After a four year-hiatus from Halloween costume making I’m back it!
This year my son decided that he wanted to be Mario from Super Mario Maker for Halloween. The problem was that Super Mario Maker costumes do not exist in ready-to-purchase form.
So, I started thinking about how to go about not just making the clothing but organizing the accessories, which really is what makes the costume what it is.
I knew I could make red overalls and an orange shirt, but I had to find fabric that remotely resembled the colors in the game (it’s harder than you think!).
Luckily, I found a very similar double brushed poly knit from Fabric Mart, and, again, as luck would have it, I had two yards of fire engine red baby wale corduroy that I had bought the earlier this year to make something that in the end didn’t work out.
The t-shirt was easy, it’s style 23 from Ottobre Design 04/2018. I knew that he wouldn’t wear that shirt outside of the costume, and the fabric doesn’t fray, so I opted to leave it un-hemmed at the body and the sleeves.
The overalls took a little more searching, but after looking at what seems like hundreds of kids patterns, I settled on this Burda Kids 9464. It had the right shape and silhouette.
I made the overalls in size 140/11, which fits my son great everywhere except for the shoulder straps, which were exceptionally short. REALLY, really short.
Even without folding them to accommodate the closure type that the overalls are supposed to have for actual, non-costume, wear, it did not meet the bib by a long way.
I ended up adding a 5 inch extension after sewing them just so that it would actually button. In hind sight maybe 4 inches would have been enough.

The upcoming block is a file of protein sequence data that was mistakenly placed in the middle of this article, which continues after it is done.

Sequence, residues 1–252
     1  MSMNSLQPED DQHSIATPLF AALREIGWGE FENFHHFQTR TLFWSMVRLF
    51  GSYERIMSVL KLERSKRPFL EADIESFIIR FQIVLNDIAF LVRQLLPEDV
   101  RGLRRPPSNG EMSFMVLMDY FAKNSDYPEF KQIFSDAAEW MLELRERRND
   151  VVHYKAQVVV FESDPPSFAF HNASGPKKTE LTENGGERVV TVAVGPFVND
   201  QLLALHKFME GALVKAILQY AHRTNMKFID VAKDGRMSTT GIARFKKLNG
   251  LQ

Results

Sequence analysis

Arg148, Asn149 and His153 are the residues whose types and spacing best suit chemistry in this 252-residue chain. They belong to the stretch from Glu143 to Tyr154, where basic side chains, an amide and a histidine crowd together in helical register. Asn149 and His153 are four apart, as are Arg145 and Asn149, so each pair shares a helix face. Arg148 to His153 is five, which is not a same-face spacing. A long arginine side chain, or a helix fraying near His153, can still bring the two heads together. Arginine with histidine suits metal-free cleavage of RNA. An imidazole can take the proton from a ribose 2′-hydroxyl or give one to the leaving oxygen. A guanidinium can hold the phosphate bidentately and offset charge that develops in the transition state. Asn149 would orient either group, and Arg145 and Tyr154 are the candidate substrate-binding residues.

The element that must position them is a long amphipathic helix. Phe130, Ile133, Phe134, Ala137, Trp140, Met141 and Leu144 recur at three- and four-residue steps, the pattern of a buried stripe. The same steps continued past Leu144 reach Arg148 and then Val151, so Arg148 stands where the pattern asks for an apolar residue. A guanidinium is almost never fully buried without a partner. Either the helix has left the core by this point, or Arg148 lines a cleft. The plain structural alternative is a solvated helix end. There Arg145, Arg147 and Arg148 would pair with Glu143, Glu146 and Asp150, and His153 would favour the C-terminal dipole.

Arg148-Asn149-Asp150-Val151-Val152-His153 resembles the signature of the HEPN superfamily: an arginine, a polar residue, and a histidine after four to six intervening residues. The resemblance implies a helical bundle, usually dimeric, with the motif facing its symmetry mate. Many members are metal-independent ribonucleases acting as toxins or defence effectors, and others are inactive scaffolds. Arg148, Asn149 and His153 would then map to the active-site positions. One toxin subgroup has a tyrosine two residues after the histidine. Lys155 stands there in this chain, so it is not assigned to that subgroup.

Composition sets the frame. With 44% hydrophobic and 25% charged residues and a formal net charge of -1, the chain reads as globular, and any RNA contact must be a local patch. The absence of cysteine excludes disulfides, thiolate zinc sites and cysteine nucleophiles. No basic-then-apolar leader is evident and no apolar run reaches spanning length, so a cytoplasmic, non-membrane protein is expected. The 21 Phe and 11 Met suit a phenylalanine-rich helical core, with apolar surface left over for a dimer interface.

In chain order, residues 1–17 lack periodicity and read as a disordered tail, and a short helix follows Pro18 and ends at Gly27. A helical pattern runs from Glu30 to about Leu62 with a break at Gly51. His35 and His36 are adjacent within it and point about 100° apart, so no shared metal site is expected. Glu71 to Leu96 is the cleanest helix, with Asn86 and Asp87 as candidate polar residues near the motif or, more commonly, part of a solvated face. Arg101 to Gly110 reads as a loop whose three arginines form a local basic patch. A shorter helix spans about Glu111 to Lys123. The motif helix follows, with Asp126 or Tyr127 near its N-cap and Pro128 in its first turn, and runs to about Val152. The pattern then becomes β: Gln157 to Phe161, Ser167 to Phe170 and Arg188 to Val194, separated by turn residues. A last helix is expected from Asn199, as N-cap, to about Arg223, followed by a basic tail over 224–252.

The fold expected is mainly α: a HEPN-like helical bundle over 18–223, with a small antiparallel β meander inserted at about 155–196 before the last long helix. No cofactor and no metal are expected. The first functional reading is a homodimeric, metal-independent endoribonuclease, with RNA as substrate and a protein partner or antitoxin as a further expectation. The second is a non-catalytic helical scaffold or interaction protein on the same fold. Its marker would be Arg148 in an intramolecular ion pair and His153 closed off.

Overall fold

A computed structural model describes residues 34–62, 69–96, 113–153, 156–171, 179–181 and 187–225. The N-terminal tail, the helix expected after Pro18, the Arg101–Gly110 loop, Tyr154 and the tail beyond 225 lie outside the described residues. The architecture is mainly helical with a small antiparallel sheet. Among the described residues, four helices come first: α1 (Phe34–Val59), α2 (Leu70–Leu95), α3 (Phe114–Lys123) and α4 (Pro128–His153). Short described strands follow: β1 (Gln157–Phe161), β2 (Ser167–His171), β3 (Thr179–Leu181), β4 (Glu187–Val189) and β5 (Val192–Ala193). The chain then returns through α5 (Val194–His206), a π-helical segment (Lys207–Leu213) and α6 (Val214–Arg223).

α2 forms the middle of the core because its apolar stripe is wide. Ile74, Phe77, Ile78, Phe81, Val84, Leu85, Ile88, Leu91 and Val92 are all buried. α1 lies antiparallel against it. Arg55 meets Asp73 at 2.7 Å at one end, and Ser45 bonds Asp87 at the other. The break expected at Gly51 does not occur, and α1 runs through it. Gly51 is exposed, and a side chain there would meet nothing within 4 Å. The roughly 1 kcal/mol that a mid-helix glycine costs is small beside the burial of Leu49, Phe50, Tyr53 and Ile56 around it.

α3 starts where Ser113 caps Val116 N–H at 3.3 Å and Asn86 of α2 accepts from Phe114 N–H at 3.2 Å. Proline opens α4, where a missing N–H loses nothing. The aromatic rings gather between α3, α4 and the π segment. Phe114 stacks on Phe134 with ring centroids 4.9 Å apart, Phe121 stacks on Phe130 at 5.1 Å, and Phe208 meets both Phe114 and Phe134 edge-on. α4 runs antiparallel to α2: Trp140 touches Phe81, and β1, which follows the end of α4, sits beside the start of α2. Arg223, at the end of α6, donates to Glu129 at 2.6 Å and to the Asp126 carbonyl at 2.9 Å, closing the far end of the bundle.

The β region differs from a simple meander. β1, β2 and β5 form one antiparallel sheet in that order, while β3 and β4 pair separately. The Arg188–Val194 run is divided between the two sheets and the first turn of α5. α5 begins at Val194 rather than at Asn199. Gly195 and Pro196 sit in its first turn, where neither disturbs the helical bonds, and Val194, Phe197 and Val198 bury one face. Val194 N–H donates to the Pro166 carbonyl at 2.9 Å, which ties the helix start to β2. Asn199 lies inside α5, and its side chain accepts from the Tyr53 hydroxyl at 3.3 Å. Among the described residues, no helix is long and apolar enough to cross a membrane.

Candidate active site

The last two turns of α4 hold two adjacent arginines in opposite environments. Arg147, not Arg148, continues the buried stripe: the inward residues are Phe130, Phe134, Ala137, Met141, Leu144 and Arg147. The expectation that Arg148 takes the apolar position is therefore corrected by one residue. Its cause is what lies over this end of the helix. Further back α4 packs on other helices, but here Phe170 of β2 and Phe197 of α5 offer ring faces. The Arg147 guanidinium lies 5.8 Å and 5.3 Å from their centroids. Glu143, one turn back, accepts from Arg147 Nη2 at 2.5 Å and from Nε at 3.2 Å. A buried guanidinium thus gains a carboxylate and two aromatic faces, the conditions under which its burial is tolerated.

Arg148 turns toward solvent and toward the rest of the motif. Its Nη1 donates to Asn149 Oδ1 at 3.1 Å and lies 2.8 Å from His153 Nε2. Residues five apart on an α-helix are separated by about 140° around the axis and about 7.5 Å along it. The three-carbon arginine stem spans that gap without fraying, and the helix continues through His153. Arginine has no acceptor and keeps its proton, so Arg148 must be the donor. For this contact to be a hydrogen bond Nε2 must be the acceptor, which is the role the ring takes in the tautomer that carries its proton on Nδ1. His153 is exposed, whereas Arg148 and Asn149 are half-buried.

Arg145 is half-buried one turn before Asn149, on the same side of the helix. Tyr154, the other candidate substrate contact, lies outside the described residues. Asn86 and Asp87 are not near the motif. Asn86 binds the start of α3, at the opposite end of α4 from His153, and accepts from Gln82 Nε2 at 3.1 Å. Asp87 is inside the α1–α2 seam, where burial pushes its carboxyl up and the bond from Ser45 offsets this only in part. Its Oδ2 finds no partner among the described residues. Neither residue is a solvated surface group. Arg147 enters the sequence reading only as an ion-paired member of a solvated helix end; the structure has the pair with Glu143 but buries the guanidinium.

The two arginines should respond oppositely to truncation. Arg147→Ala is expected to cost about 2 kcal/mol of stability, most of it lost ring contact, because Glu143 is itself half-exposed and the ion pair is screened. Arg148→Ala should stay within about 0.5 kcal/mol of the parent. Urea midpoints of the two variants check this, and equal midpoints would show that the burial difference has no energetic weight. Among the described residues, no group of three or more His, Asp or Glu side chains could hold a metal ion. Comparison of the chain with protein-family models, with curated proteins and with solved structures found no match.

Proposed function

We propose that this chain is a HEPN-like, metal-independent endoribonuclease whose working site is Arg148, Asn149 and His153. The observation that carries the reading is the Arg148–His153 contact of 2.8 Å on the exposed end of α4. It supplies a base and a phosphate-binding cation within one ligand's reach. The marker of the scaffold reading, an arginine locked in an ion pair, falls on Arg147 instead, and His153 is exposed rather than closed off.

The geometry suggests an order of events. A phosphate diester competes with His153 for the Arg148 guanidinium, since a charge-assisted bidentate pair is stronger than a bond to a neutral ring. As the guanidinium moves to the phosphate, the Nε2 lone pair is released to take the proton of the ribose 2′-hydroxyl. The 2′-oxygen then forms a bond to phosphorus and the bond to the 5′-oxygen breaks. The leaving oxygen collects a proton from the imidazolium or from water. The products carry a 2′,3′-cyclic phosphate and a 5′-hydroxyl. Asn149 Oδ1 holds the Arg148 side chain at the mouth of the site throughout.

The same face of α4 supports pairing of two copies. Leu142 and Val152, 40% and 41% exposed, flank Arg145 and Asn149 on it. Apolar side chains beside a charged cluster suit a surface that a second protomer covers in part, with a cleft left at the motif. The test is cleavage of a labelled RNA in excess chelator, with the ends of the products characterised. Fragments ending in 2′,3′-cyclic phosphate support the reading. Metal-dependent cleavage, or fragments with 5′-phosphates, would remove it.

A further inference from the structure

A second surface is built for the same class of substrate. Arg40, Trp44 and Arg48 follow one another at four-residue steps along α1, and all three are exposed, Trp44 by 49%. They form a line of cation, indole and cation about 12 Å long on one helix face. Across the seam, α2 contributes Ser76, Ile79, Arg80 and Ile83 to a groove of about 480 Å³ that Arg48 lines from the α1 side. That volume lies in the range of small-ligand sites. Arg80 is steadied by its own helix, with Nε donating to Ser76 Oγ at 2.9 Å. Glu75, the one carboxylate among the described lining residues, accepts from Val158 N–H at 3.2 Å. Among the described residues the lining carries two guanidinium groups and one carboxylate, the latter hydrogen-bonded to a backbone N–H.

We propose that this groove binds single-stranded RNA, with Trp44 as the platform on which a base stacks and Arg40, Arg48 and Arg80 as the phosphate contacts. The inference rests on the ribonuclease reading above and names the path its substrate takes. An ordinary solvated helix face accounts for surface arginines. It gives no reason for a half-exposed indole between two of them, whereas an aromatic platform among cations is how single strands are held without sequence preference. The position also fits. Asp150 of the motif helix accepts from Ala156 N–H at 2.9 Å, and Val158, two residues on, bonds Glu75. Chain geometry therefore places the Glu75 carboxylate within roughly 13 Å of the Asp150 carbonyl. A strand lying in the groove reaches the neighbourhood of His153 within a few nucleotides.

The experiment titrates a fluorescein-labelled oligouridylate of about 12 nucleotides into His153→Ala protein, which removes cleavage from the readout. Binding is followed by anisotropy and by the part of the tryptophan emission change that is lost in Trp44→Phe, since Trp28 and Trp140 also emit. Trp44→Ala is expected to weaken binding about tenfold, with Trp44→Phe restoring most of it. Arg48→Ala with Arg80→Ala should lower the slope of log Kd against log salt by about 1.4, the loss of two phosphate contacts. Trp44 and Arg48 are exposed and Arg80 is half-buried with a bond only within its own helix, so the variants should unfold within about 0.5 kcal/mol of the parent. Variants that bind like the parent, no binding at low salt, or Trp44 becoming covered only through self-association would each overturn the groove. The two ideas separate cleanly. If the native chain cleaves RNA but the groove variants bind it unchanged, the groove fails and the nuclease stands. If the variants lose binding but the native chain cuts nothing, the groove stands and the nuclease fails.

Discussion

The buttons were another challenge. I walked up and down the Garment District and could not find any domed yellow buttons with a shank. In fact, I didn’t see many large yellow buttons, period.
I was about to admit defeat and use some pretty orange ones when it occurred to me that I could just make covered buttons. So, I bought a 1 1/8″ covered button kit, some bright yellow ribbon, and voila, yellow domed buttons with a shank!
The accessories took a bit more imagination. My husband and I spent some time looking around the internet for real, not costume, stuff to cobble together into something resembling the accessories Super Mario Maker has in the game and official photos, and I think we did pretty well all things considered.
The hat is a real kids’ hard hat with a Super Mario sticker on it. The belt is a real belt that he will use again, and the pouch is a small tool pouch.
The hammer is a stress toy hammer that looks pretty real, or at least more real than all the toy hammers we looked at.
The mustache and gloves came from an actual Super Mario costume kit that included the traditional Super Mario cap but not the clothing.
So, grabbing things from here and there, the Super Mario Maker costume was complete and my son is over the moon with it.
I’m also pretty happy with how it turned out.
I do wonder how much longer he’ll want to dress up, he’s 11.
I think my Halloween costuming days may be numbered.